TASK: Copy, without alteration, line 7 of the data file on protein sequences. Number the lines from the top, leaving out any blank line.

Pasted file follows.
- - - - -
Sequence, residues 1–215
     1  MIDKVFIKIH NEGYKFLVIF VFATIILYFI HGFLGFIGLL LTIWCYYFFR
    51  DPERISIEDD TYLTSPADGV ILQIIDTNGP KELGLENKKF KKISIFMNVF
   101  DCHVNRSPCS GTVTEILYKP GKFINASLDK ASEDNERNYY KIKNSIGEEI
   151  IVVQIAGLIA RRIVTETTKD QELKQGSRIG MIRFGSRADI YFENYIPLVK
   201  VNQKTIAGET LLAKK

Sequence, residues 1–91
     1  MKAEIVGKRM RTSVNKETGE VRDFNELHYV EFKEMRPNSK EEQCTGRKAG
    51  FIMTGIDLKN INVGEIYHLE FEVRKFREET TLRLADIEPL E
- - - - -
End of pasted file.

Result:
Sequence, residues 1–91